Elder Maxwell discusses themes of discipleship, smallness of soul, and the challenge to become one in both heart and mind. He describes the law of consecration as a final step in preparation to dwell with the Lord, as well as the constant pull of the adversary, which can distort one’s search for truth.
This last excerpt illuminates Satan’s tactics. “You groan, Omner over the increasing evil in your land. you write that your countrymen are not steady and consistent. The adversary need not be consistent, Omner. Indeed, evil is not only erotic; it is erratic, since it must entice so many in such a multitude of ways. Thus, persuade a man possessed of truth that he has all truth. Convince another that there is no truth whatsoever. Let another believe that all truths are of equal importance to man. Notice, Olmner, that the result is the same in all cases: the searching for truth stops.The devil, Omner, is a liar and a cheat!” (32-33).
Elder Maxwell called his Enoch Letters a little “booklet” – a simple and easy read, best understood after studying Moses chapters 6, 7, and 8. Simple and easy maybe, but profound, and worth contemplation – for the Lord’s admonition to His saints remains unchanged, “And he commanded them that there should be no contention one with another, but that they should look forward with one eye, having one faith and one baptism, having their hearts knit together in unity and in love one towards another” (Mosiah 18:21).
Anytime, Anywhere by John H. Groberg
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My father brought this book to my attention. He read it in a few days during his spare time and was deeply moved by Elder Groberg’s recollections. If you loved The Other Side of Heaven and The Fire of Faith, Elder Groberg’s newest book will not disappointment you!
If you have not read any of his earlier books, you will still find yourself at home with Elder Groberg. He has an easy way of whisking readers across oceans and lands to new places where he shares with them his most intimate experiences and feelings for God’s children.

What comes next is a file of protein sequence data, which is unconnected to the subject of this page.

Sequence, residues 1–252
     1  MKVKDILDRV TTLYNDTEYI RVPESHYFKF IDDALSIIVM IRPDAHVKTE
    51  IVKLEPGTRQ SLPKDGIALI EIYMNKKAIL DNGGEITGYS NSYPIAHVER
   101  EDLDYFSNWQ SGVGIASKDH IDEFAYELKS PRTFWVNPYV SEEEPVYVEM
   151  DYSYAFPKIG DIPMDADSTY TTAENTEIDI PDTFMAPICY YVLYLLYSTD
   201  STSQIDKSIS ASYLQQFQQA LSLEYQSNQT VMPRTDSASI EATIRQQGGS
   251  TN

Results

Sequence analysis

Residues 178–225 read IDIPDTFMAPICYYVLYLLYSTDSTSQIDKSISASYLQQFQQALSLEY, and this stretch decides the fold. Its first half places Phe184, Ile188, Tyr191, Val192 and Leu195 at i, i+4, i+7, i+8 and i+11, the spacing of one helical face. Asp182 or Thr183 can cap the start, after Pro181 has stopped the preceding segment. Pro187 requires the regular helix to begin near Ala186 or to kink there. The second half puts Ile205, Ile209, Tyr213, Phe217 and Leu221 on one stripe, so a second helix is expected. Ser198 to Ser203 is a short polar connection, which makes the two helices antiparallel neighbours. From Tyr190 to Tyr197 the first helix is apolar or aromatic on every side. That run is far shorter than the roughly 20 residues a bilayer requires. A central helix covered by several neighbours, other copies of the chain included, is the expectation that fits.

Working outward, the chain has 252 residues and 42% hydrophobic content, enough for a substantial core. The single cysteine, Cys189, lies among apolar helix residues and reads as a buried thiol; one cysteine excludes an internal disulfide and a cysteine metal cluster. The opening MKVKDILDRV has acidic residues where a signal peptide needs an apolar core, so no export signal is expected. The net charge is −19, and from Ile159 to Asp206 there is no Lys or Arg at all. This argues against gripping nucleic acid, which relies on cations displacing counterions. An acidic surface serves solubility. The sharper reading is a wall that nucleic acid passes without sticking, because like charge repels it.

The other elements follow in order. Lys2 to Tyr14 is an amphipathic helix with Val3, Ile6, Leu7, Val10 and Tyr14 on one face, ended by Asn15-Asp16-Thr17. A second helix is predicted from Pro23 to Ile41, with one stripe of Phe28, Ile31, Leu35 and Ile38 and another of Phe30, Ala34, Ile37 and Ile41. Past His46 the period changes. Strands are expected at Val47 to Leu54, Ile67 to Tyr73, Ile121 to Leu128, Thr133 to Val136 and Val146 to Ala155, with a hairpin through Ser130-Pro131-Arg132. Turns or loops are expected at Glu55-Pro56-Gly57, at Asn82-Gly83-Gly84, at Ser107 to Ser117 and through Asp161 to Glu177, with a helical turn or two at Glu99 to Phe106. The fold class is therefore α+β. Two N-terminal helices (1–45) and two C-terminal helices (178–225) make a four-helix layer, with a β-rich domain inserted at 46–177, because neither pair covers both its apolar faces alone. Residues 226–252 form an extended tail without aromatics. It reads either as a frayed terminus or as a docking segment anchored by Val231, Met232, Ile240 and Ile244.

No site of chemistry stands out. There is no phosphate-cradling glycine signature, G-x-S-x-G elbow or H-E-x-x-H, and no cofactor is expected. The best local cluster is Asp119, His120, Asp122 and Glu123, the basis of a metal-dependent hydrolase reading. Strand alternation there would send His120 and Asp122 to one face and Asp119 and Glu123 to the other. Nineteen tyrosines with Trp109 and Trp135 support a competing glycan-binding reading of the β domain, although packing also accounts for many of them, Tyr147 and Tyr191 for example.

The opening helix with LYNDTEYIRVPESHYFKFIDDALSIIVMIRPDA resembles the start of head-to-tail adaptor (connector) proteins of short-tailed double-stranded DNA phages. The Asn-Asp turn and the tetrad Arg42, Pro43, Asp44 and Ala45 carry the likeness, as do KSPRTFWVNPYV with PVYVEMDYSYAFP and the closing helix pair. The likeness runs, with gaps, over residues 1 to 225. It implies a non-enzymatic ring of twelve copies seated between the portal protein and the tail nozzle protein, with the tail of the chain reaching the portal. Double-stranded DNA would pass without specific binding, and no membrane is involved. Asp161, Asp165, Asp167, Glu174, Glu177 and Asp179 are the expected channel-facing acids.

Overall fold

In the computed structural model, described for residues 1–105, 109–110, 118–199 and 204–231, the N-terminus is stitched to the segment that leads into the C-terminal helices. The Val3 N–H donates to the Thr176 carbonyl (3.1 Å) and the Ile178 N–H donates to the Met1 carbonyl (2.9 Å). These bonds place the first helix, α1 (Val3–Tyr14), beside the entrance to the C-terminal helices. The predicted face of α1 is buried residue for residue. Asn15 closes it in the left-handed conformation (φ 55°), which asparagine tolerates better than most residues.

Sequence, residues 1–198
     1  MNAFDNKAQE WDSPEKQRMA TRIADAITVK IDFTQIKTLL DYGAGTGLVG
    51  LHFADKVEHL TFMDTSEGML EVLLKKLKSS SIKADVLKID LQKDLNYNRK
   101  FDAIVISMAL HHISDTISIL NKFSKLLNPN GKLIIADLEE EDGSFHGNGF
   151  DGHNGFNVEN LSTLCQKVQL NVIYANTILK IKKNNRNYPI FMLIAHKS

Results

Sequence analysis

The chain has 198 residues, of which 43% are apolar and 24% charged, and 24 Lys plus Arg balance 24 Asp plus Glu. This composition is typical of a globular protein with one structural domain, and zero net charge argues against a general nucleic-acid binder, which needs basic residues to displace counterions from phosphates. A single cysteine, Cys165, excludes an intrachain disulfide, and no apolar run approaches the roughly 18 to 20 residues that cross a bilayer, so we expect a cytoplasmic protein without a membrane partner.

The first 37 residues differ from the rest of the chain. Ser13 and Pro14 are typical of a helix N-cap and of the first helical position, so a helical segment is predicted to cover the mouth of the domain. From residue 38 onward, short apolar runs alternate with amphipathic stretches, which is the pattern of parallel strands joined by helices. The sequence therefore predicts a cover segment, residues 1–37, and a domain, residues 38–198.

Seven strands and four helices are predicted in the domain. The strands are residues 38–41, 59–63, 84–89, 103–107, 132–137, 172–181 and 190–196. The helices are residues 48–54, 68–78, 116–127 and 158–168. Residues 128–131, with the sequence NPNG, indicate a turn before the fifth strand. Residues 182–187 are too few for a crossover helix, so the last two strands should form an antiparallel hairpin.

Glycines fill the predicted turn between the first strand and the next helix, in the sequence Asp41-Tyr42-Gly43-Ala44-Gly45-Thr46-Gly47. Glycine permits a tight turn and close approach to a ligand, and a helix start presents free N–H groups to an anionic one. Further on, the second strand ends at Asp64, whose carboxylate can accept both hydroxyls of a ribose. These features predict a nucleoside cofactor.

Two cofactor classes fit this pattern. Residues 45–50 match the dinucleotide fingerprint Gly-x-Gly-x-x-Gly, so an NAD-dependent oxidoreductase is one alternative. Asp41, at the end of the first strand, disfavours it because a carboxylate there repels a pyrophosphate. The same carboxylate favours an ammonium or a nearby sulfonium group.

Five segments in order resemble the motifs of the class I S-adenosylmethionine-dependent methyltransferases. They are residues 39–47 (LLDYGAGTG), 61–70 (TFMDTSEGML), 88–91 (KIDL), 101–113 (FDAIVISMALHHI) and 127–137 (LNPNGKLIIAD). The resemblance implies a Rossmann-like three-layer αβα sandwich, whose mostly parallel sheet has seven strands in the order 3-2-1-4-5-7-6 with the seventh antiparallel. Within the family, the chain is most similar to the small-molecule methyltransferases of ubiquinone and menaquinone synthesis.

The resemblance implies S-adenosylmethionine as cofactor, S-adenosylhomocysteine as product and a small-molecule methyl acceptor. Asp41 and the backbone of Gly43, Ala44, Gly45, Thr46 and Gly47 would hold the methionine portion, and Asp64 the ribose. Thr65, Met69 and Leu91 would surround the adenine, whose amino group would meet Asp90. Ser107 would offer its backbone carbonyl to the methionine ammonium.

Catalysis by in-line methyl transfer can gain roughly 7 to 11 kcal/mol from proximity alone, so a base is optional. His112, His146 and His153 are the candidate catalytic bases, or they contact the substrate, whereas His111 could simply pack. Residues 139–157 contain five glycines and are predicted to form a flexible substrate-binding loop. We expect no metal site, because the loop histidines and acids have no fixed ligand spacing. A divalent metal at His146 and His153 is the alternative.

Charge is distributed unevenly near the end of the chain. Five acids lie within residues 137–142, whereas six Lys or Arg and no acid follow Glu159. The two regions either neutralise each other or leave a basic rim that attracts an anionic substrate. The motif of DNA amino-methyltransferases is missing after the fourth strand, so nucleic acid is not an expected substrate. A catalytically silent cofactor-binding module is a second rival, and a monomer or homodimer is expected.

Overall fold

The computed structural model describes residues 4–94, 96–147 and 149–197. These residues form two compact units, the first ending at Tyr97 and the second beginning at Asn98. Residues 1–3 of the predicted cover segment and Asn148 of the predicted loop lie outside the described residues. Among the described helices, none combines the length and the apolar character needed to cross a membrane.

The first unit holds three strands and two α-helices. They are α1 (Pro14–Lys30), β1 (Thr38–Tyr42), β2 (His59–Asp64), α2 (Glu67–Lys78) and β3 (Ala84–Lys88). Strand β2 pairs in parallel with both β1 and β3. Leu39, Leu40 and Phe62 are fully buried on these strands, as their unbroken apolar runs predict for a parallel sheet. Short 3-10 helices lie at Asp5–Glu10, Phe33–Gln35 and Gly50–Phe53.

Anytime, Anywhere is a collection of stories that read like journal excerpts from Groberg’s experiences as a General Authority during the past 30 years. Elder Groberg was called to be a General Authority in 1976. He and his wife Jean had 10 children at the time. They traveled the world with assignments in the Pacific Islands, South America, California, Idaho, Mexico, Central America, and Hong Kong, including work in more than 23 Asian countries.
To explain the book’s title, Elder Groberg recounts his meeting with President Kimball in 1976, when he was called to serve as a full-time General Authority. He writes, “As we concluded our ‘visit,’ President Kimball asked if I had any questions. The first thing that came to my mind was: ‘Does this mean we will have to leave Idaho Falls?’ Considering what he had just said, that was a silly question!
“Rather than being upset, however, President Kimball came over and, from the depths of his magnanimous heart, reached up and gave me a big bear hug. With a twinkle in his eyes, he looked straight into my heart and tenderly said: ‘I know exactly how you feel. I didn’t want to leave Arizona, either. It is good to love your hometown and your roots, but yes, this will mean moving anytime, anywhere in the whole world, for the rest of your life.'” (1-2).
And thus begins Elder Groberg’s journey. Elder Groberg’s attention to detail, God’s creations, individual people, and the quiet promptings of the Holy Ghost are marvelous, even miraculous. Yet he assures the reader, “This book is not about any particular time or place, and especially not about my particular calling. My desire is that sharing these firsthand experiences may help others understand and appreciate more fully God’s eternal and unlimited love for all of His children, in all places and at all times” (4).
These firsthand experiences are honest reflections of Elder Groberg’s heart. Resultantly, many of his stories are touching. But for the purposes of this review, I will share just one.
Miracle in Mongolia